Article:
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Diacylglycerol acyltransferase

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Diacylglycerol acyltransferase

diacylglycerol O-acyltransferase
Identifiers
EC number CAS number IntEnz BRENDA ExPASy KEGG MetaCyc metabolic pathway
PRIAM PDB structures PDBsum
Gene Ontology EGO
diacylglycerol O-acyltransferase homolog 1 (mouse)
Identifiers
Symbol DGAT1
Entrez HUGO OMIM RefSeq UniProt Locus q24.3
diacylglycerol O-acyltransferase homolog 2 (mouse)
Identifiers
Symbol DGAT2
Entrez HUGO OMIM RefSeq UniProt Locus q13.3

Diglyceride acyltransferase (or O-acyltransferase), DGAT, catalyzes the formation of triglycerides from diacylglycerol and Acyl-CoA. The reaction catalyzed by DGAT is considered the terminal and only committed step in triglyceride synthesis and to be essential for the formation of adipose tissue.[1]

Isoforms

There are two isozymes of DGAT encoded by the genes DGAT1[2] and DGAT2.[3] Although both isozymes catalyze similar reactions, they have no sequence homology to each other.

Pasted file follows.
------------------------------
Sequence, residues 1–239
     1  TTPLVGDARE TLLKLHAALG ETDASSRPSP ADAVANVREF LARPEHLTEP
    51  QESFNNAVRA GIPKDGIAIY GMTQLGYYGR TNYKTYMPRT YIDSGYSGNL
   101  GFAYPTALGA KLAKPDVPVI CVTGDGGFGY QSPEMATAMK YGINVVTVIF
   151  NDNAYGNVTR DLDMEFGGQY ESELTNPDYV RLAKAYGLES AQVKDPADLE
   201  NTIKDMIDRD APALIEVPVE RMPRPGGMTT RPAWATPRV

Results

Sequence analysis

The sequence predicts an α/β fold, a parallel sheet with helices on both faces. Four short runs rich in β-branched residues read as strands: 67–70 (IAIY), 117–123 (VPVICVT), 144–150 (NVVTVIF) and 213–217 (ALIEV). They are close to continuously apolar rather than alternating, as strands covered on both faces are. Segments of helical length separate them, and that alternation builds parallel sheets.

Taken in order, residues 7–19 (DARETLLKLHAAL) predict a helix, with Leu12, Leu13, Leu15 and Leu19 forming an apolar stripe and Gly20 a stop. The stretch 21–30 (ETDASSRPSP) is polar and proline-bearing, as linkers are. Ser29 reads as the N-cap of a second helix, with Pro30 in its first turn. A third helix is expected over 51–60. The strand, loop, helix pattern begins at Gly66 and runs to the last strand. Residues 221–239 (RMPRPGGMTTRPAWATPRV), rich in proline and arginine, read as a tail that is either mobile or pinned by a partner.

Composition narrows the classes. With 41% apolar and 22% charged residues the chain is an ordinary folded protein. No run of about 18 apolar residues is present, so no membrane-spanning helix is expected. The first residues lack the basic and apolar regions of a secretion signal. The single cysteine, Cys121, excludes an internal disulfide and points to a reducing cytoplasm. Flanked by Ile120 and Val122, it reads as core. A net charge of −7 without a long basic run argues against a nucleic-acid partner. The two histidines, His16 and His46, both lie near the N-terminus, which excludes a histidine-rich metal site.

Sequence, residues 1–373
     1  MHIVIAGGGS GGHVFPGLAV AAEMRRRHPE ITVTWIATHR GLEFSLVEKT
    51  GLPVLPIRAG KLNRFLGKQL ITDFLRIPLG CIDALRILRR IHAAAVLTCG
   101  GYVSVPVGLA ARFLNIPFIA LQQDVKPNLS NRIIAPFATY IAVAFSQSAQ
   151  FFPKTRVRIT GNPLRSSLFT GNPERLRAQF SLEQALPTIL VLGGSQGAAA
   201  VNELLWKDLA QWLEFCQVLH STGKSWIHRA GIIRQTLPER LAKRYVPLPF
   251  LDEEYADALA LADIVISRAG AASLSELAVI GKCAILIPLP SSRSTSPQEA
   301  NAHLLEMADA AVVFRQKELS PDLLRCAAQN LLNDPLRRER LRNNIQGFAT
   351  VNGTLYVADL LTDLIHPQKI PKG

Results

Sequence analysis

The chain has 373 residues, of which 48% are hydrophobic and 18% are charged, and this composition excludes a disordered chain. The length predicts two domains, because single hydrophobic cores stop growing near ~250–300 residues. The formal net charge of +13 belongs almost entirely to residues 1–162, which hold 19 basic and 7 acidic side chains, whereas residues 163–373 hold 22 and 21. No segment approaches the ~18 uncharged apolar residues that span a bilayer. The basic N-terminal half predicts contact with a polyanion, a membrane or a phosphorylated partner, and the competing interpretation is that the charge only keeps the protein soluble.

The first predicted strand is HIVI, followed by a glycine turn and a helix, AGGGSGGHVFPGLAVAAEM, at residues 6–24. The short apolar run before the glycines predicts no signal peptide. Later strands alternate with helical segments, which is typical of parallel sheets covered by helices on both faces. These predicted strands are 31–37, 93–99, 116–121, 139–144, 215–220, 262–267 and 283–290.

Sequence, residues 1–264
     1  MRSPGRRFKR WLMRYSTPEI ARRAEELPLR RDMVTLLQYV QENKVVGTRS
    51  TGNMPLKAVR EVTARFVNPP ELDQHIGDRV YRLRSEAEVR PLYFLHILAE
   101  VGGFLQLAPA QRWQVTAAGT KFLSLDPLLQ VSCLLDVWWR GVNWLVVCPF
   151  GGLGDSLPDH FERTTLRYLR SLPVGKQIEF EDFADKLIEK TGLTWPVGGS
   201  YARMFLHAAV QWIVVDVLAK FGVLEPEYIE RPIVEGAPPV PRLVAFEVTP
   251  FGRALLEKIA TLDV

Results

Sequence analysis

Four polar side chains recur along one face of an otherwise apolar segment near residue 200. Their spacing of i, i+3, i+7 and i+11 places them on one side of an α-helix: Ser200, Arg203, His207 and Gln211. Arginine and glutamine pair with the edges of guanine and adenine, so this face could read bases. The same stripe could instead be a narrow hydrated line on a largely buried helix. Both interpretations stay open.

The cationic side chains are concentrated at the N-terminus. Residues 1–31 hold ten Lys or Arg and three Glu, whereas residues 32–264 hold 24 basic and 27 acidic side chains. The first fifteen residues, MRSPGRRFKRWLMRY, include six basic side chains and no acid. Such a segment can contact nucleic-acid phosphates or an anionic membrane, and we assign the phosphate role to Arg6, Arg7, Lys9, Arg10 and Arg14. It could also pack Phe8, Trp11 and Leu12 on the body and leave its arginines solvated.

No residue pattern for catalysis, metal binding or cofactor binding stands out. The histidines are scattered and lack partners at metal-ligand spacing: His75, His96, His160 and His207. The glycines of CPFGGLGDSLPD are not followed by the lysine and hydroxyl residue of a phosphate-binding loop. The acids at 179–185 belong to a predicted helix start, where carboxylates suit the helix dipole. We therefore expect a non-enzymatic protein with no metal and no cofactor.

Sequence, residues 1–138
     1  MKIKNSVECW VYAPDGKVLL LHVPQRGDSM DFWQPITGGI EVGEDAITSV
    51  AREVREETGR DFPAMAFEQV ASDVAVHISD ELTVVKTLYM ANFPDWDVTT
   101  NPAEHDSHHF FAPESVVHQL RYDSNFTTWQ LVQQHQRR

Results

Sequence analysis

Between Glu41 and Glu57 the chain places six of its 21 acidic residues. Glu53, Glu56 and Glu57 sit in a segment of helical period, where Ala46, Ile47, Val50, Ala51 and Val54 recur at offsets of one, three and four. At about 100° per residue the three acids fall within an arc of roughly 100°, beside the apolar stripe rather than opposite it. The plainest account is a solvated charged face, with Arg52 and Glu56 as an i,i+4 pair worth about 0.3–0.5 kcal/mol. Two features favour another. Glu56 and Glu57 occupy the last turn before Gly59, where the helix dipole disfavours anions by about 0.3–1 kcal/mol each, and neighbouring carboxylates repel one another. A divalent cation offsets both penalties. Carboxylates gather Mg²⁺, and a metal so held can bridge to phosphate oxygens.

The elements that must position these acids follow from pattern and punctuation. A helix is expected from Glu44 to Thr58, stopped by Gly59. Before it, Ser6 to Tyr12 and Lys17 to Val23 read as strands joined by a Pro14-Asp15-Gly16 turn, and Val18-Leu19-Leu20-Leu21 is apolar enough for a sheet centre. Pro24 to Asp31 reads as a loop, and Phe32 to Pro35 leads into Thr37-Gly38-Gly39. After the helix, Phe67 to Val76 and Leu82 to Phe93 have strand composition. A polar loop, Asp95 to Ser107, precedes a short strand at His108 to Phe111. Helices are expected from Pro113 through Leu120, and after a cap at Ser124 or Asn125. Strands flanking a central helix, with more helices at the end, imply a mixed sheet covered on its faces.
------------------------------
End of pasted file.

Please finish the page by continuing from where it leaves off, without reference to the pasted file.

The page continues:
Knockout studies

Mice with genetic disruption of the dgat1 or dgat2 genes have been made by the Farese laboratory at UCSF. Surprisingly, DGAT1-/- mice[4] are healthy and fertile and have no changes in triglyceride levels. These mice are also lean and resistant to diet-induced obesity, consequently generating interest in DGAT1 inhibitors for the treatment of obesity. In contrast, DGAT2-/- mice[5] have reduced triglyceride levels but are lipopenic, suffer from skin barrier abnormalities (including the inability to retain moisture), and die shortly after birth.

Therapeutic application

DGAT-1 inhibitors have potential for the treatment of obesity[6][7] and a number of DGAT-1 inhibitors are in clinical trials for this indication.[8]

References

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